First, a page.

When somebody tells me they’re product-driven, I generally believe them, but when somebody tells me they’re customer-driven, I assume they’re lying. And usually in the most dangerous way — to themselves. I’ve made no secret of my strongly partisan belief that being product-driven is a far superior stance than being customer-driven, but I’ve never properly unpacked why I think that. Here’s the main reason:
 To be product-driven you merely have to be a talented person in a specific narrow and easily testable way. But to be genuinely customer-driven, you have to be a better person in a hard-to-test way.
 Add to that my priors that talent is common, but genuine good character is rare, and you’ll understand why I have the bias I do. This bias extends to myself. I trust my product-driven impulses far more than my customer-driven impulses. I’m just not a good enough person to be properly customer-driven. So if you claim to be customer-driven, you’re essentially claiming to be a better human than me, and I’m going to evaluate the claim with extreme prejudice. I’m going to look for bad faith in your stated motives and visible behaviors with a microscope.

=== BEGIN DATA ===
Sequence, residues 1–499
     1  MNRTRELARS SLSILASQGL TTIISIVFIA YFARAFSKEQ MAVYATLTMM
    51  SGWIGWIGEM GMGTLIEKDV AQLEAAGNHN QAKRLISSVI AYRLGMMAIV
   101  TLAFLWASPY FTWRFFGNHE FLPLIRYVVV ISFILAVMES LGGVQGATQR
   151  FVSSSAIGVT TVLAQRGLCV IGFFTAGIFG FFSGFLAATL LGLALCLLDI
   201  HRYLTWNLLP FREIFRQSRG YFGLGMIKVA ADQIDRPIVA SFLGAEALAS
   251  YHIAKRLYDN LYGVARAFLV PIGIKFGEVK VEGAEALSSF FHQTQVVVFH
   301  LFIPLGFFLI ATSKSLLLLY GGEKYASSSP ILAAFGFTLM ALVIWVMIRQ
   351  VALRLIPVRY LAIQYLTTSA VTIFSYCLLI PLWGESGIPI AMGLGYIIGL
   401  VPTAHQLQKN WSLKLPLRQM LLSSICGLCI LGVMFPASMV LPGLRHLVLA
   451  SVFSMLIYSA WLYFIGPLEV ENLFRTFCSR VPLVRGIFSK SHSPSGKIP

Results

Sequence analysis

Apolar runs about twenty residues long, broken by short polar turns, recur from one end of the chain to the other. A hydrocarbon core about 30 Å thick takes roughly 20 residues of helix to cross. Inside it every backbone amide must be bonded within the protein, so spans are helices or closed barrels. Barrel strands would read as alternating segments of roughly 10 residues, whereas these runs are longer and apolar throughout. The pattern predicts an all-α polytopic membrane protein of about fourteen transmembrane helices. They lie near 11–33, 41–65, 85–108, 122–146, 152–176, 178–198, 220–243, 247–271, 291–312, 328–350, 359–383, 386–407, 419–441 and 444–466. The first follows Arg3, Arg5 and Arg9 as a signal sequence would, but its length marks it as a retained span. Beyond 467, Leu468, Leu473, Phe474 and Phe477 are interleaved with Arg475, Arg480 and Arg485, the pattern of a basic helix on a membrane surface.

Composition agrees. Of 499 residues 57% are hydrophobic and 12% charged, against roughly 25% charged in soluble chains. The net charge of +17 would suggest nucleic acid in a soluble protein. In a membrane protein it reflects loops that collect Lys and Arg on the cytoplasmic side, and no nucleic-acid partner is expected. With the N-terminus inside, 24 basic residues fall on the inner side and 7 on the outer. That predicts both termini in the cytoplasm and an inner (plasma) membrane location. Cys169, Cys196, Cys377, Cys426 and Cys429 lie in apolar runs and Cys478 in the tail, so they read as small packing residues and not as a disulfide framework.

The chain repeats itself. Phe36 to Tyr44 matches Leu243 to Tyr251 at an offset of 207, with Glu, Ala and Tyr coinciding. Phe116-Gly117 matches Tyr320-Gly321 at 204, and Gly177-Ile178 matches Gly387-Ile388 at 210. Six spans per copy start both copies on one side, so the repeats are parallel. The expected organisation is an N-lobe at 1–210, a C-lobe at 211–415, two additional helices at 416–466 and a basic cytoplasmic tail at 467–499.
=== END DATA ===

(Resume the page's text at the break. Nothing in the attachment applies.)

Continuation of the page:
This does not mean you should not think about customers and users. That can’t actually be helped. When you think about a solution or product, you cannot avoid having thoughts about the people who might be buying or using it. But you must develop a skeptical self-awareness around what those thoughts mean because they will invariably be self-serving in ways you’re probably blind to. In other words, you must know what you talk about when you talk about “customers” and “users”. To that end, let me offer you my hierarchy of customer-relationship mental models.